Comic Review: Skybourne #1
Frank Cho’s new creator owned series Skybourne is a true study in style over substance. Even though he’s become more famous for his “Outrage” convention sketches than his interior work, Cho is a gifted artist and storyteller. His art in Skybourne #1 is incredibly violent, but also thrilling and cinematic as the protagonist, Grace Skybourne, uses her super strength to punch faceless’ goons heads off as she and her team retrieve the legendary sword Excalibur for some reason or another. Cho packs each page full of panels as Grace and her opponents spar verbally and eventually physically before he opens up the pages for car and foot chases and even throws in a little magic at the end.
Cho’s art in Skybourne is an almost perfect marriage of realistic figure drawing and powerful cartooning as evidenced by as scene where Grace throws a goon right at the reader off a rooftop in a stunning use of perspective accented by yellow background colors from Marco Menyz. Grace Skybourne is kind of a badass until she isn’t for cheap shock value as Cho decides to kick it like it’s 1973 (Gwen Stacy) or 1994 (Alexandra DeWitt) and kill off his main female protagonist on the final page as she is gored by a sexist wizard. This is before Cho really develops Grace’s personality beyond she is a good fighter, mysteriously connected to Excalibur, and likes to use profanity. My reaction to the final page was a resounding “Who cares?”
Character deaths are so prevalent in both TV and comics so a writer should have a good reason to off them. Cho just decided to play a slightly misogynist game of misdirection by setting up a competent female protagonist and then using her as motivation for her brothers (introduced on the title page) to avenge her. Or it could just be a cheap comic book cliffhanger. Who knows? Cho is a talented artist, but his writing is subpar. His dialogue seems to consist of censored profanity, sexist insults by the “bad guys”, and repeating plot points ad nauseam.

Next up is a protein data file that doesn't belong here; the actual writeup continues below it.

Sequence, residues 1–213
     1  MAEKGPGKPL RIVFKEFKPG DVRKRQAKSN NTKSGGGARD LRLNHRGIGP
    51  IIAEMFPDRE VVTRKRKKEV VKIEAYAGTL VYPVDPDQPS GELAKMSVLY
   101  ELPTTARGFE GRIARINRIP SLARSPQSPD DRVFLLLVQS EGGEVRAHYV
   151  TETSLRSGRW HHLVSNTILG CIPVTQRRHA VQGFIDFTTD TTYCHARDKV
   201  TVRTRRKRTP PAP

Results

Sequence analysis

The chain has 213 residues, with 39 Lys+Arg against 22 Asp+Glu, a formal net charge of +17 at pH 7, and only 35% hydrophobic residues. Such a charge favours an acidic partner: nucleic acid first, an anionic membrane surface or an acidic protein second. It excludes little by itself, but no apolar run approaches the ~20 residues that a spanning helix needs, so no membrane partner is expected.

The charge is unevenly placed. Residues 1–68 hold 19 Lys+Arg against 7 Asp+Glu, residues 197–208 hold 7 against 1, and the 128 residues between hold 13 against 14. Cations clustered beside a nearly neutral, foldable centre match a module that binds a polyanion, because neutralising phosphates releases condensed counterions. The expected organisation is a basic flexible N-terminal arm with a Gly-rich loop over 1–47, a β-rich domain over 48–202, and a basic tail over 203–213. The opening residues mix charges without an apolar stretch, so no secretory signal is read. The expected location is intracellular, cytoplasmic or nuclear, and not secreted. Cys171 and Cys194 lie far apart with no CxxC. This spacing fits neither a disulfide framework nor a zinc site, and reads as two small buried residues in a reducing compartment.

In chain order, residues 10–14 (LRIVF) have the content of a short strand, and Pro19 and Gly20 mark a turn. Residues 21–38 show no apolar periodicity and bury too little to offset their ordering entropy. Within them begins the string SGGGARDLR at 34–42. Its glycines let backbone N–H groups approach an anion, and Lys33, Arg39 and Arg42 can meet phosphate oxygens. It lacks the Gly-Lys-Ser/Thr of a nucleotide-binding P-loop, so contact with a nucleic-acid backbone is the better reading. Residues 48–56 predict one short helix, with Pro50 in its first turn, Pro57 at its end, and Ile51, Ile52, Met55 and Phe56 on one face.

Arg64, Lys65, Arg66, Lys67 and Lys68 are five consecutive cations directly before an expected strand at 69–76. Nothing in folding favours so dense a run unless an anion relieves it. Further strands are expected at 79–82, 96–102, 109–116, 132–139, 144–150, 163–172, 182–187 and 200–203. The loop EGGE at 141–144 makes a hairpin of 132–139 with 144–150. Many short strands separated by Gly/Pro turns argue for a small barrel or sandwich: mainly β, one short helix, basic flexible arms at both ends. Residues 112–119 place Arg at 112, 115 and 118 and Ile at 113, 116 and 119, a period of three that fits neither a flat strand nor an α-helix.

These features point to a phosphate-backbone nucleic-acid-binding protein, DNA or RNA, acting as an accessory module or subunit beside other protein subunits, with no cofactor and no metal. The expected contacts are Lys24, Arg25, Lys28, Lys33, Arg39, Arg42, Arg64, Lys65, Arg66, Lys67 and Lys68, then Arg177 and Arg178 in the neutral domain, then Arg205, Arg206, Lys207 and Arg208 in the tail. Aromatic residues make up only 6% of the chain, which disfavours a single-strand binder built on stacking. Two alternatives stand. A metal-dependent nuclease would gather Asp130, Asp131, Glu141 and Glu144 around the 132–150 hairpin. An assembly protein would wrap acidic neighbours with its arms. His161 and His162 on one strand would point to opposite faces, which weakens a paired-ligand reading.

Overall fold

Minimalist plotting isn’t necessarily a bad thing and has been the bread and butter of Warren Ellis’ recent Marvel books, like Secret Avengers, Moon Knight, and Karnak as well as kick ass action movies like The Raid, John Wick, and Dredd. Cutting the subplot fat and focusing on the action can be extremely entertaining. Except the characters in these comics and movies actually wanted something and had a personality beyond retrieving a sharp, pointy object, which is what Skybourne #1 is all about. There is a vague mythical background alluded to into the first couple pages, but Cho doesn’t connect it to the main action.
Skybourne #1 is a comic book length exercise is fridging that has some wicked action scenes, but Frank Cho utterly fails at making both his protagonists and antagonists likeable or interesting. The comic has a Mark Millar in the 2000s vibe, but Cho lacks Millar’s sly Scottish wit and makes the rookie storytelling mistake of killing off the character readers are supposed to like before we connect to them emotionally.
Rating: 3 (out of 7)